ONC officials describe requirements of new API, information blocking rules
The long-awaited interoperability and information blocking final rules published by the Office of the National Coordinator for Health IT on Monday will require some big changes to the ways healthcare organizations – specifically providers, certified health IT developers and health information networks and exchanges – have been used to doing things.
The sweeping new regs – which update software certification requirements, mandate APIs usable "without special effort" and put rules in place to combat information blocking and anti-competitive practices – will require some significant cultural adjustments and material investments from healthcare orgs hoping to stay compliant with the law.
The good news, according to ONC, is that the enforcement of the law won't be immediate, and there will be a two-year phase-in period allowing these organizations to acclimate and get up to speed with the new requirements.
"Those rules won't be enforced at all for the first six months, and in fact we are still working on the rule work of how they'll be enforced, and what the disincentives will be," said National Coordinator for Health IT Dr. Donald Rucker in a press call on Monday.
"When when the rule is officially published, that will be the real starting line for the industry," said Deputy National Coordinator Steve Posnack.
That pub date is not yet official – it's up to the Office of the Federal Register – but could be within the next few days. From there, "the first six months under information blocking will be a delayed compliance applicability for the rule," Posnack explained.
"No enforcement will be rendered on anything related to information blocking," he said. "It's an opportunity for stakeholders and those covered by the rules to educate themselves, prepare themselves and start to change their operating procedures to be in compliance with the rules."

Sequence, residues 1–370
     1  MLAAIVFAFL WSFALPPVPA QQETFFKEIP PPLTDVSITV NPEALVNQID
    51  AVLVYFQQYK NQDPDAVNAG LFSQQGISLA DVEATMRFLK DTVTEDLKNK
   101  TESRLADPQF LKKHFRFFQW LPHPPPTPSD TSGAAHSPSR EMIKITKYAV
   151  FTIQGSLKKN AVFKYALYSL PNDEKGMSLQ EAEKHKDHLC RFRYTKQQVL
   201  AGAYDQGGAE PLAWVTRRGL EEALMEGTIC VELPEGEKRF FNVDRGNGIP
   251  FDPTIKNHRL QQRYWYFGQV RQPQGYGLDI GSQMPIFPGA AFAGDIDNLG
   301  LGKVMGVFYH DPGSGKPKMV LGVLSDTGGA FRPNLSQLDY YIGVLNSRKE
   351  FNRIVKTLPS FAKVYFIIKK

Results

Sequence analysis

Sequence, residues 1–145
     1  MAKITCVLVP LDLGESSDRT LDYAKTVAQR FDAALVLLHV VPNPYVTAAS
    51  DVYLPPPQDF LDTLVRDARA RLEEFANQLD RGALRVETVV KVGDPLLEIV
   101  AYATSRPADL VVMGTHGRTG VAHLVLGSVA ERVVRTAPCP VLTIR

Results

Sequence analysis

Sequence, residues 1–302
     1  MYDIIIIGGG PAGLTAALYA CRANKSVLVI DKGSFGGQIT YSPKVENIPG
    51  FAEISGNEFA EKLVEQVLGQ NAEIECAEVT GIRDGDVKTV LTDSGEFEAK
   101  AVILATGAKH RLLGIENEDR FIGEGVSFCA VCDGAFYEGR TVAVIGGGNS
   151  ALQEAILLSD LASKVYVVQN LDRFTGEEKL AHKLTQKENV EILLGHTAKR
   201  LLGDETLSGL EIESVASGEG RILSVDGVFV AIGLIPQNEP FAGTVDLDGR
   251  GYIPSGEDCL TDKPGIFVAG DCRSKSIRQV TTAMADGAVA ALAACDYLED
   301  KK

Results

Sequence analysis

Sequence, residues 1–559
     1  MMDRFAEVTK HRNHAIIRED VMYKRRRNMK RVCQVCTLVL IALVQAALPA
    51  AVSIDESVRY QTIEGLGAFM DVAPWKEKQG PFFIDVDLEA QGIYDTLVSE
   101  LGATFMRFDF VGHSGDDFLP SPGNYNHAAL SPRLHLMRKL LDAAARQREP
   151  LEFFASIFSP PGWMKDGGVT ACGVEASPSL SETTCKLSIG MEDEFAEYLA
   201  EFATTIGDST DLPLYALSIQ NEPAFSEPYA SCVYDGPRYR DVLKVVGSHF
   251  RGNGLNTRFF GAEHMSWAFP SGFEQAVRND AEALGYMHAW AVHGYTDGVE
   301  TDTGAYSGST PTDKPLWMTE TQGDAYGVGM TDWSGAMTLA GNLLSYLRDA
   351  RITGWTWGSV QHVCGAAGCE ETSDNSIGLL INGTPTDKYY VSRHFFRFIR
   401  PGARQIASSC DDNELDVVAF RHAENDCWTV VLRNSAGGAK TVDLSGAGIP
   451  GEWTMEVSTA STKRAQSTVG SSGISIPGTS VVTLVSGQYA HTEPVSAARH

'Phased in, gradual approach'
But once compliance for info blocking and API requirements begins in six months – and for 24 months thereafter – covered healthcare organizations will be required to share electronic health information defined by ONC in its United States Core Data for Interoperability set.
"Any data outside of the USCDI for the first 24 months will not be within scope from an enforcement perspective," said Posnack.
Then, "when you hit two years, that's when the full electronic health information definition kicks in." That's definition, he said, is linked to the broader HIPAA-designated record set definition for electronic protected health information.
"The easiest way to think about it," Posnack explained, is that "all of the data that you have the ability to access under the HIPAA Right of Access rule, that is data that's part of the designated record set and cannot be blocked."
The timeline is meant to enable a "phased in, gradual approach to the full scope of electronic health information over a period of two years," he said.
Balancing stakeholder demands
In the meantime, there are plenty of other implications of the new info blocking rules that providers, vendors and HIEs will need to understand.
There are more than 1,200 pages of the ONC rule – which was drafted in response to more than 2,000 public comments received since the proposed rules were issued a year ago.
Since then, the potential regulations have sparked plenty of controversy among the various, very different stakeholders across the healthcare ecosystem: veteran health IT vendors, consumer-facing tech startups, hospitals and health systems, privacy experts, patient advocates and others.
"The length of the rule is largely responses to the comments and our rationale for the various items in the rule," said Rucker. "Hopefully you'll see the reflection we did on the large number of comments. In particular, we've adjusted some of the timelines, and the scope of data with the USCDI."